By MARY FYE
GLASGOW — During a particularly difficult patch of end-of-summer cleaning and reorganizing, the girls needed some solid motivation.
“Don’t worry,” I told them. “We have a surprise planned for you that will make you forget all about these chores.”
Our plan was to visit Holiday World just before school started. Once the trip was confirmed, we hesitated to tell the girls; we’re big on surprises. As a matter of fact, we decided to completely surprise the girls, saying nothing until they saw the entrance. What started out as an omission soon became a full-fledged conspiracy.
Years ago, when the girls were still tiny, we surprised them with a trip to Disney World. We even went so far as to have shirts printed (thank you, Disney Store) that said “Surprise Vacation” with the date. Camcorder at the ready, we woke the girls at 6 a.m. on the day of departure. Their sleepy reactions were just the sort of thing every parent hopes for when planning such a surprise. Now with the Holiday World adventure, I think that, if psychologically probed, you’d find two parents coming to terms with their almost teen-aged daughters and wanting to recapture that precious moment of childhood. That, or two parents who just love messing with their kids’ minds.
This time the girls did know we were going somewhere to do something, but we refused to fill in the gaps. Rumors soon emerged. We were going to Jackson’s Orchard. We were going to Disney. We were going on a buggy ride. Finally, my personal favorite: We were going to a chicken farm. As the day approached, it was difficult not to be tricked into revealing our destination, but we persisted in keeping up the charade.
Loving the chicken destination, Steve and I fed the girls tons of misinformation. (Of course that’s not quite the same as lying.) Any time the trip was mentioned, we would go on and on about the wonders of gathering eggs and plucking chickens. This did not sit well and both girls were quick to say that they 1) knew we were lying, er, misinforming them, and 2) if we were telling the truth, they would never pluck chickens. Gathering eggs sounded like fun, but it seemed weird for a summer surprise vacation.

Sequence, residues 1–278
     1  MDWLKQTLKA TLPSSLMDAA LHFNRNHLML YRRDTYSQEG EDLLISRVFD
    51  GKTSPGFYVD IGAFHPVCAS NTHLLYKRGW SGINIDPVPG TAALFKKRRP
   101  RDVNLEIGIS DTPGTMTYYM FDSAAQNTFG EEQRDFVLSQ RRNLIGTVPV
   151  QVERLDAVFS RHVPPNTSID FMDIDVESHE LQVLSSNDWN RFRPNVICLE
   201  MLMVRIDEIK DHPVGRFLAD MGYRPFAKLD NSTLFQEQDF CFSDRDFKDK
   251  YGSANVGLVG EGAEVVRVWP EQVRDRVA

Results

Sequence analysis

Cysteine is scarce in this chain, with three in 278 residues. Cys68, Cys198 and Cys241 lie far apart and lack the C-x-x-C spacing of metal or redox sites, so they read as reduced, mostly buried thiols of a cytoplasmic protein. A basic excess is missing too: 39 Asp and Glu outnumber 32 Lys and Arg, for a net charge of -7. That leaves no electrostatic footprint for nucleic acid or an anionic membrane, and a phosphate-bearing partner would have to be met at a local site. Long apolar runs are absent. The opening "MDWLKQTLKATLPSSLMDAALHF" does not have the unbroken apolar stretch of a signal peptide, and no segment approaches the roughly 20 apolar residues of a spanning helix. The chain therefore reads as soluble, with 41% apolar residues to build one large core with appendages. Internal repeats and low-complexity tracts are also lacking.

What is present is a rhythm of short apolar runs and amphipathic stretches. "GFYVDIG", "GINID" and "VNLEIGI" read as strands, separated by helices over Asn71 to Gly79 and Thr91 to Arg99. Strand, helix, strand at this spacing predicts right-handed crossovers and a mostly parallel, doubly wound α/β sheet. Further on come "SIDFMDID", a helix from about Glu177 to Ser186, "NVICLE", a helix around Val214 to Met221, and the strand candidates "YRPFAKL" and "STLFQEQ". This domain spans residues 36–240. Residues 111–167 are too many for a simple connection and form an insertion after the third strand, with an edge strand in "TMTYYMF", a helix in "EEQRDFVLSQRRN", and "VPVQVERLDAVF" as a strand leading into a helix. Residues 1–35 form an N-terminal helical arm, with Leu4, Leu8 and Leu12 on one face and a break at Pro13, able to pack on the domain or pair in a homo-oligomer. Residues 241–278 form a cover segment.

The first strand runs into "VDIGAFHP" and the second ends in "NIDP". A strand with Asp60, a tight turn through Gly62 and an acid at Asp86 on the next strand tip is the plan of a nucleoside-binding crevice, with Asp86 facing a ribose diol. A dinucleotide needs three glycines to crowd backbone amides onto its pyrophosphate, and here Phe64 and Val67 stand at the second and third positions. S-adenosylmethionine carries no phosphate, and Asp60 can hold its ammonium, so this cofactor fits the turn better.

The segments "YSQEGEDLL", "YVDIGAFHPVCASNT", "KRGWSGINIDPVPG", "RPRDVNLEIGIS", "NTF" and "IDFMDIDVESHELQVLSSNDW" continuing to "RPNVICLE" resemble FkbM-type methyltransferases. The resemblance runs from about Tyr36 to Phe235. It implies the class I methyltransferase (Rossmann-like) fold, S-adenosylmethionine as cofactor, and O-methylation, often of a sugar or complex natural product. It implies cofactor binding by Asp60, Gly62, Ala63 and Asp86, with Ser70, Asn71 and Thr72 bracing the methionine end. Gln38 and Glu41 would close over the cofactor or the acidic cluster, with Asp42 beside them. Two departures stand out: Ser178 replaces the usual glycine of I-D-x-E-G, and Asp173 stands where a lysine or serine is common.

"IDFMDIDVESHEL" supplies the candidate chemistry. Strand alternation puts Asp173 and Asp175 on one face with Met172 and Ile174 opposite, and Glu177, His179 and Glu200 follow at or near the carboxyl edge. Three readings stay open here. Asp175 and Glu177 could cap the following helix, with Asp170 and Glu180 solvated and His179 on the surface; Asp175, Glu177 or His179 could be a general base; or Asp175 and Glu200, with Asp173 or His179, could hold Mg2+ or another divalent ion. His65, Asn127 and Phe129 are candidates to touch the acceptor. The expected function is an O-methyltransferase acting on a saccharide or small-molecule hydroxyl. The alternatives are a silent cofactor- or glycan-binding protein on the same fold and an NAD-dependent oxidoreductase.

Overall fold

The night before our trip, we gave the girls a list of items to bring. A swimsuit and changes of clothing would limit the surprise, so we added a few random items to the list: a can of SpaghettiO’s, can opener, pillow, blanket and gloves.
Eagerly, the girls scanned the list and tried to guess our destination. Ashley soon gave an excited whoop, declaring, “Yeah! We’re going camping!”
Before seeing my reaction, Erin burst into tears, crying “I don’t want to go camping!”
This scene played out as expected, with both girls carrying on and on with their opinions of camping. It’s not often that you can watch your children be confused and upset and be laughing on the inside at the same time.
We never let up on our ruse, not even on the morning of our trip. We did, however, give into one of their requests.
“How about if we guess the right place, will you tell us?” they begged.
Ironically, it seemed that every time we passed by a huge Holiday World billboard the girls would be turned away busy looking at something else.
Finally, they were looking at the right spot at the right time. “Is it Holiday World?” they asked, thrilled when we confessed that was our destination.
And their reaction? Of course they were happy – happy to not be plucking chickens!